So, you exist. I.e., you’ve got a digital presence. And the media outlet you pitched has found your feed. While you don’t have to have a million followers, if you’re claiming to be an expert or thought leader in your field, what they see there should bear that out. There should be evidence of a depth of knowledge and a history of consistent outreach and engagement with high-level content, readers and others in your field. And this doesn’t happen overnight. So get started!
I think it’s important to say, too, that you don’t have to have a presence across eight different platforms. Or even three. Heck, really succeeding on one is plenty. And I’d encourage you not to bite off more than you can chew. Two is ideal for most folks, honestly. Instagram and Facebook work seamlessly together and give you a chance to catch most everyone. Taking on more than that runs the risk of stretching you too thin and burning you out. There’s only so much time in a day and you’re much, much better off mastering a platform or two than performing poorly and inconsistently across several. But, engage your audience, consistently present compelling and entertaining information and you’re going to make a statement to media, as they vet you and particularly if they follow you for future consideration, that you really do know your stuff, have a passion and depth of knowledge and aren’t just in it to make a quick buck.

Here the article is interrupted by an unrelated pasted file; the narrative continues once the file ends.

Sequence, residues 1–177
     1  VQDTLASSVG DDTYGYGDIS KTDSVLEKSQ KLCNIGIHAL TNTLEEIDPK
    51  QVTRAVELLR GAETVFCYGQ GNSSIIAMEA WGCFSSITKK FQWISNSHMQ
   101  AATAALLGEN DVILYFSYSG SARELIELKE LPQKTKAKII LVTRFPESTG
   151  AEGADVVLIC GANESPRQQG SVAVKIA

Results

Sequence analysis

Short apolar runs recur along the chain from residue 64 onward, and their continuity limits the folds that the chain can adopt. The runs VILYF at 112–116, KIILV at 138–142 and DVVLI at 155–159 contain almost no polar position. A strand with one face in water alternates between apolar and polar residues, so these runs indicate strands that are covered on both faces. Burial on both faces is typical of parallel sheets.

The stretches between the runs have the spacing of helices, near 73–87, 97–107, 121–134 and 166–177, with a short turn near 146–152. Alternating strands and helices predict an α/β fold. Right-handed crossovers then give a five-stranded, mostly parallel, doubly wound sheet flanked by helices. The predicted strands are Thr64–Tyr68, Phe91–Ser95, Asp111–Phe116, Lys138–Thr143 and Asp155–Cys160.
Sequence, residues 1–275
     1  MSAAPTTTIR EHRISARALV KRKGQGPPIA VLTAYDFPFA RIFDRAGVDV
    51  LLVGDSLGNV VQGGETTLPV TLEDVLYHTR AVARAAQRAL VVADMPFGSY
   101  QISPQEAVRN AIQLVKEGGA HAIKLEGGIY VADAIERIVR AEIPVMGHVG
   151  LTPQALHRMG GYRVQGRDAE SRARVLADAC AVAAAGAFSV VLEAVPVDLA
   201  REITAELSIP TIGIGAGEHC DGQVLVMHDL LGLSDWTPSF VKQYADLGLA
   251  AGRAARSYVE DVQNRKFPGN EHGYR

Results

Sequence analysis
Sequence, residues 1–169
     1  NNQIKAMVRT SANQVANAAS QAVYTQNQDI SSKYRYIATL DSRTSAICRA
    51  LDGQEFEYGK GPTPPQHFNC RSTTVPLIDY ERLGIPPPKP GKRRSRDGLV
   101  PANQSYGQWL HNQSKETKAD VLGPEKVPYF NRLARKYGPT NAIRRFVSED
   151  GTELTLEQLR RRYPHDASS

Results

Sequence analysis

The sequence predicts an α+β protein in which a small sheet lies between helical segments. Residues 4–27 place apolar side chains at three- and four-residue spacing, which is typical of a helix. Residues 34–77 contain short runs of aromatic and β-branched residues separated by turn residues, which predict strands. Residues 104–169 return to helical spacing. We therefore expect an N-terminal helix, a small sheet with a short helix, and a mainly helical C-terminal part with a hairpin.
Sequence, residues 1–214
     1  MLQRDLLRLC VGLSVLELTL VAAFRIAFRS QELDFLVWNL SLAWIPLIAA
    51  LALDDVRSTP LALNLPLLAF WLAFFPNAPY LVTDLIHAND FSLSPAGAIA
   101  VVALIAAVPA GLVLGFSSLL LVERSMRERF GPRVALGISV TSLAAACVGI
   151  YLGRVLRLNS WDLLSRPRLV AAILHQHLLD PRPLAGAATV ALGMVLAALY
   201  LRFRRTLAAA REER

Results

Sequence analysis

Understand, by the way, that there are exceptions to every rule. Does not having a digital footprint disqualify you completely from getting media coverage? Of course not. There are other ways to display social proof and credentials. Other ways to market books, too (in fact, in a season one episode of The Book Publicist Podcast, we cover marketing books without social media with guest Sarah Bolme, the Director of the Christian Indie Publishing Association). But I’m not gonna lie—if you’re planning on writing future books … it’s in your best interest.